Monday, July 16, 2007

Know Your Jewish Community: The Nine Days

The nine days are the days between the beginning of the month of Av, and the date when the temple in Jerusalem was destroyed.

I read an interesting piece in the shul bulletin this past Shabbat. It said that usually, Jewish mourning rituals go from more intense to less, the funeral, the seven days of shiva (stay in the house, no laundry, etc), then the 30 days of shloshim (no live music, no parties, no shaving), and the eleven months of saying kaddish (the Jewish prayer for the deceased). However, in the case of mourning for the temple in Jerusalem our mourning gets more and more intense. We start with the three weeks, then the nine days (where eating meat is forbidden, as is listening to live music, laundry, bathing for pleasure), and then the 9th of Av (which is a fast day).

I observe the nine days pretty stringently. I don't eat meat, I don't do laundry, listen to live music (or any music for that matter), or swim (that sucked when I was at camp). One of the other observances is to "refrain from purchasing anything that lifts your spirits." Ben-Yehudah of Esser Agaroth suggests that this means that we shouldn't buy the Harry Potter book until after the 9 days. Which sucks.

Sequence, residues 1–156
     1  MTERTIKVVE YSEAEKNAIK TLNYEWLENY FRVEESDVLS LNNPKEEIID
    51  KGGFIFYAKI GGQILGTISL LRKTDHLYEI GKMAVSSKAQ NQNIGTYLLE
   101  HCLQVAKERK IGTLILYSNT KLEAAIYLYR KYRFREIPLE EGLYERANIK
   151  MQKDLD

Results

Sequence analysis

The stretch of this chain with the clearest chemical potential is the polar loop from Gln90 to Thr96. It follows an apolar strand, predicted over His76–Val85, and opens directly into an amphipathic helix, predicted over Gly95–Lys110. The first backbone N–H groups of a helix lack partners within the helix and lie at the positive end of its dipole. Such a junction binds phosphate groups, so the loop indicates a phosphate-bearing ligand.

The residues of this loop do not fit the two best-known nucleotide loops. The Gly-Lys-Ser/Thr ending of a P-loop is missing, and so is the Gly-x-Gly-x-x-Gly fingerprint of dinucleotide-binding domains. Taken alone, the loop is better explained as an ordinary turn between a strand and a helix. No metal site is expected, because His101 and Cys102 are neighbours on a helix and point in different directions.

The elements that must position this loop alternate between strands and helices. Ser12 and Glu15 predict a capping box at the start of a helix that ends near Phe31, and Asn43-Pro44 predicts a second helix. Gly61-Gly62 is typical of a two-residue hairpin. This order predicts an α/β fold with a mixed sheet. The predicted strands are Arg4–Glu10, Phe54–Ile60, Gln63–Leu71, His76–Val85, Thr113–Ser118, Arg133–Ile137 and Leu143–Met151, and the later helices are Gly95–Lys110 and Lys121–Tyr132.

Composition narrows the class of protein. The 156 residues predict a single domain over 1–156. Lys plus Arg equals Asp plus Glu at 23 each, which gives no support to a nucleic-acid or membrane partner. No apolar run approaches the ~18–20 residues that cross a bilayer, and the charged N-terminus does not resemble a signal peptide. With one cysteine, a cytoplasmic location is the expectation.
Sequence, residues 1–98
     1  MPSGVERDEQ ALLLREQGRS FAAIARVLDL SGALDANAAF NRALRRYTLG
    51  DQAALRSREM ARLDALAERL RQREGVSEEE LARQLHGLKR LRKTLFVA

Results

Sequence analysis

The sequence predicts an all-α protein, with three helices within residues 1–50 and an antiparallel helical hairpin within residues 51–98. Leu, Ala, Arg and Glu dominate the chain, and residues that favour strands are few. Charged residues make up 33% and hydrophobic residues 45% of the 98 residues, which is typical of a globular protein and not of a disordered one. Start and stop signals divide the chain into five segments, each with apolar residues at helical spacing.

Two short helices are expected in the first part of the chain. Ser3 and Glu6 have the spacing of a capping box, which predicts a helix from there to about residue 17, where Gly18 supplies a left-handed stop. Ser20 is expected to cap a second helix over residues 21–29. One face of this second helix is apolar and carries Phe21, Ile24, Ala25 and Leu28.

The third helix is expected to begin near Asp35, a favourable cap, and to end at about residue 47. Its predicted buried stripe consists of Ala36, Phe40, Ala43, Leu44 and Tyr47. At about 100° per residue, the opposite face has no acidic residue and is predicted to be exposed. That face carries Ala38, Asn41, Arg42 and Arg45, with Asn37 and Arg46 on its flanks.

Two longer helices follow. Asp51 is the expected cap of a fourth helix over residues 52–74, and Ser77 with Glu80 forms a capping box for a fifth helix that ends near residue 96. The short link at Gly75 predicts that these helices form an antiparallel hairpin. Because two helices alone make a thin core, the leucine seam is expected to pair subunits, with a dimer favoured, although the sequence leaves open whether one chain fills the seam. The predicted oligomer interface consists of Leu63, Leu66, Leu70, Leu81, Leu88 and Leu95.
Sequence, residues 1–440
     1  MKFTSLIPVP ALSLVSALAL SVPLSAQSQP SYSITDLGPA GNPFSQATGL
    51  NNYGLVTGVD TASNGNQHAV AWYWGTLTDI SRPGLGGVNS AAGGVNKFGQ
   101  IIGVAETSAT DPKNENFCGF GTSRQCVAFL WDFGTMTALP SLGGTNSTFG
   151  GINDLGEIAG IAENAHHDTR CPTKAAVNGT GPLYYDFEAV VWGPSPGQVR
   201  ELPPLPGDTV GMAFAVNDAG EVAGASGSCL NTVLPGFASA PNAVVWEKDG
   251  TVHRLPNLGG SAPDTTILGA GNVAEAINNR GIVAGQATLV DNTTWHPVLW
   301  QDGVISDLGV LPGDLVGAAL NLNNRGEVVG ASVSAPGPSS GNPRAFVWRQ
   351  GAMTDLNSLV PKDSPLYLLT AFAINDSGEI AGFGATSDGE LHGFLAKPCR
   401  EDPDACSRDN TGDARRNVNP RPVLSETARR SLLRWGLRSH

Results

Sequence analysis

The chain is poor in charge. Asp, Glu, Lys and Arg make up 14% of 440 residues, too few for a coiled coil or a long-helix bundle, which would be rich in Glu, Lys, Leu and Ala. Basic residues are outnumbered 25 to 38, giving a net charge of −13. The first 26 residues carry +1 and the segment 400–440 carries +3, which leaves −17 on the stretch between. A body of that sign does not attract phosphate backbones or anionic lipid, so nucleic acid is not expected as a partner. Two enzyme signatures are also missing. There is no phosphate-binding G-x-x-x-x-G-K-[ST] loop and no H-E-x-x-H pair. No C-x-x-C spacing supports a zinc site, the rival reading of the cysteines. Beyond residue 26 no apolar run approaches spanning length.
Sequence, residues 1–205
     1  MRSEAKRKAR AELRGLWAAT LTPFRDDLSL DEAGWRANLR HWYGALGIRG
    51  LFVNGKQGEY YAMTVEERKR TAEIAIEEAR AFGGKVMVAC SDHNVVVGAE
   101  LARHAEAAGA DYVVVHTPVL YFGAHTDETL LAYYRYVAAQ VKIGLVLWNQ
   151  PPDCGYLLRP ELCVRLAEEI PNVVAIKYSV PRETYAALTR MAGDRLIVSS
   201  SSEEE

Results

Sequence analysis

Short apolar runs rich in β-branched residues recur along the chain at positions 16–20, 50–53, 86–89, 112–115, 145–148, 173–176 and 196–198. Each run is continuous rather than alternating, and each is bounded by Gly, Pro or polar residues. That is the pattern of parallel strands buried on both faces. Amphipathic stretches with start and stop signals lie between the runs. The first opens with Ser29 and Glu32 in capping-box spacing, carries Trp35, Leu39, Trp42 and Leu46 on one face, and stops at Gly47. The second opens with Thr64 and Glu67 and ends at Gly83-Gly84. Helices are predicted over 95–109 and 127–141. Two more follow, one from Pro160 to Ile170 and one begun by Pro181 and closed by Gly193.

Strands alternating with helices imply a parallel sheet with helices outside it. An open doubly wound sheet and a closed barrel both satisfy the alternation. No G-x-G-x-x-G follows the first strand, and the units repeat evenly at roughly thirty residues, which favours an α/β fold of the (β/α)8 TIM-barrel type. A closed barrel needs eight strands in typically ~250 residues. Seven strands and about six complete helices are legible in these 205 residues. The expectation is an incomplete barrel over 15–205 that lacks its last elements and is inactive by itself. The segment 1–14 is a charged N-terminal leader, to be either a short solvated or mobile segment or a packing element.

JoeSettler posts on the Muqata blog suggesting that a good 9 days activity is to attend the Cohanim and Leviim conference in Israel. Sadly, I am neither. A Mother in Israel has a "kosher cooking carnival" of foods that are permissable (read: not meat) during the nine days. Reb Barry Leff suggests that if you live in Israel, now is a good time to go out to your favorite meat restaurants, as they will be mostly empty. While I get what he's saying, I don't really know of anyone who keeps strictly kosher but eats meat during the nine days. Also, don't most meat restaurants change their menus and charge absurd prices? (Ahem, Estihana)

At any rate, there are a lot of blog posts about biblical stuff relating to the 1st of Av (like when Ezra arrived in Jerusalem from the Babylonian exile) or the torah readings for this week (courtesy of DownHome Davar Torah), but I woke up feeling like I got hit by a train, so I'll let you find them yourself.

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